The Vital Metrics You Have to Track for Measuring Your Success on YouTube

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Every YouTuber harbors dreams of hitting the one-million-subscribers mark, and while some manage to fulfill theirs, most fail. You wouldn’t be entirely wrong to think that the failures are down to content creators just not putting enough effort into their YouTube endeavors, but you wouldn’t be completely right either.

Numerous talented YouTubers put their hearts and souls into their respective channels. Still, they never get the kind of recognition that they deserve simply because they’re not tracking the right metrics. YouTube Analytics is the platform’s built-in tool that is meant to help content creators understand the numbers that dictate the rise or fall of their channels, and if you’re a YouTuber who wants to go the distance, it’s about time you familiarized yourself with the metrics that matter.

1. Demographics

Let’s say you get to a few thousand YouTube subscribers after you’ve successfully managed to stick to a content posting schedule, and you want to know more about the people who’re following you. The YouTube Analytics tool has a Demographics page that will allow you to gain greater insight into your audience by classifying them using the following criteria:

  • Age
  • Gender
  • Geographical location
  • The device used to view your content

Each criterion will give you statistics that you can use to create more diverse content for specific audience groups. For example, if you are a YouTuber based in the USA and your content has really caught on with people living in India, you can take advantage of your rising popularity in the world’s second-most populated nation by making videos on subjects that have relevance for Indian audiences. In the process, you can expect to earn more likes, shares, and, most importantly, subscribers.

The Demographics page also allows you to go into the details of the people who view your content from each country. Simply select a country to open up more details such as gender and age graphs particular to that country.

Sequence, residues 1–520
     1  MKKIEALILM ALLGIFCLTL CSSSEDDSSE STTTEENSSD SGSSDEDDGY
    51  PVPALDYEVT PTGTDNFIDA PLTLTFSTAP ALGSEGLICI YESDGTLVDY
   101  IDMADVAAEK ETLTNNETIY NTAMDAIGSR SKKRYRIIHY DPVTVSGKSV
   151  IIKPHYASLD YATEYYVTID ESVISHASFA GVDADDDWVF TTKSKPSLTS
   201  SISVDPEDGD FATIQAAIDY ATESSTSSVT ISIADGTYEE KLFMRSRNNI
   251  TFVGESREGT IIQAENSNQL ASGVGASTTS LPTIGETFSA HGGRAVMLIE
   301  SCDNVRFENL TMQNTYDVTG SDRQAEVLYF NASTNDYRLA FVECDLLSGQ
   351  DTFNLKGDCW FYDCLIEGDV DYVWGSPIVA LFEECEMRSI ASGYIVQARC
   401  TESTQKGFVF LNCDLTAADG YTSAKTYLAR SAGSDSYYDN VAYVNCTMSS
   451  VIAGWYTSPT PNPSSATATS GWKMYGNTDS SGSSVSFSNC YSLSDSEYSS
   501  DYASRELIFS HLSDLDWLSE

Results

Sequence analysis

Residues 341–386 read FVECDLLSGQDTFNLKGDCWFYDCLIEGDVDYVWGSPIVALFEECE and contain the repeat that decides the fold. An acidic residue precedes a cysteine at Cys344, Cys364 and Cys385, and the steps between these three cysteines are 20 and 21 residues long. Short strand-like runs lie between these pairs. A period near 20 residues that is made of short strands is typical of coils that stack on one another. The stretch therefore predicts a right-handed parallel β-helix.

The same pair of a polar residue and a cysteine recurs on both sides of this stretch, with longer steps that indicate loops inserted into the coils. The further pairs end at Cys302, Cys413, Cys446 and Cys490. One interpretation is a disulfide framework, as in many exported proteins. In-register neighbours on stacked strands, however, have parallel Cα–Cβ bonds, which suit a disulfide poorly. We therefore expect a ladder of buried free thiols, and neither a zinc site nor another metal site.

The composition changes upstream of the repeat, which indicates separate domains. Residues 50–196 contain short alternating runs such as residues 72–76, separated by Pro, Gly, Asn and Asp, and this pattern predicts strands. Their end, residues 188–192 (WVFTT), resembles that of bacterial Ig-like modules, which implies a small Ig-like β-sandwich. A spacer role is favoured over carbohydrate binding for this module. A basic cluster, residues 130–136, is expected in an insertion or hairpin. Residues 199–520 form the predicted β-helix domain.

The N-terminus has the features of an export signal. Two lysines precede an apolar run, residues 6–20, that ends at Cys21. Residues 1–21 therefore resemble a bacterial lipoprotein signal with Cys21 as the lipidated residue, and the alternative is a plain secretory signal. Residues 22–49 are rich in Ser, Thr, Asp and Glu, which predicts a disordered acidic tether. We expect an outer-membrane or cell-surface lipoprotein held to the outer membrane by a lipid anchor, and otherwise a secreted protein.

2. Traffic sources

Not everyone who views your content finds it in the same way. While some may find out about you and your YouTube channel through ads, others may find it on a list of suggested videos or through a YouTube search. You must understand how your audience is making its way to your videos and the ‘Traffic Sources’ metric allows you to do just that.

Simply open the Traffic Sources pages on the YouTube Analytics tool and you’ll be able to see multiple sources of traffic that have led people to your channel. Along with traffic sources, you’ll also be able to view statistics such as Watch Time, Views, and Average View Duration.

The most telling statistic among the ones you’ll find in the Traffic Sources page is the average view duration, which will tell you what kind of time viewers from a specific traffic source are spending on your videos. The traffic source with the highest average view duration is your strongest source of ‘quality views,’ and you should prioritize it over all other sources.

For example, suppose the average view duration is highest among viewers who find your videos through YouTube search. In that case, you can take several steps to optimize your videos to become more prominent across YouTube search results pages. Creating eye-catching thumbnails and optimizing keywords are some of the ways to ensure that your videos are more likely to be discovered by users who use YouTube search more than any other feature on the platform to find new content.

3. Real-Time report

The Real-Time report allows you to measure the views being generated by your videos as they are being generated. Unlike YouTube’s verified view count that appears on your dashboard (generally after a two-day lag), the Real-Time report gives you statistics based on how viewers across YouTube have engaged with your videos over the last two days and also the last hour.

To make the most of your Real-Time report, you have to know a simple trick to find out on which platforms your video has been shared apart from YouTube. For this trick, you need your YouTube video ID, which is an alpha-numeric code assigned to each video. To find the YouTube ID of any of your videos, simply open up the video and click the ‘Share’ button. A section underneath the ‘Share’ button will pop up showing a URL, and the alpha-numeric code that you’ll see after the last slash in the URL is your video ID.

Now that you know your video ID, do a simple Google search using the following search query:

Youtube Video ID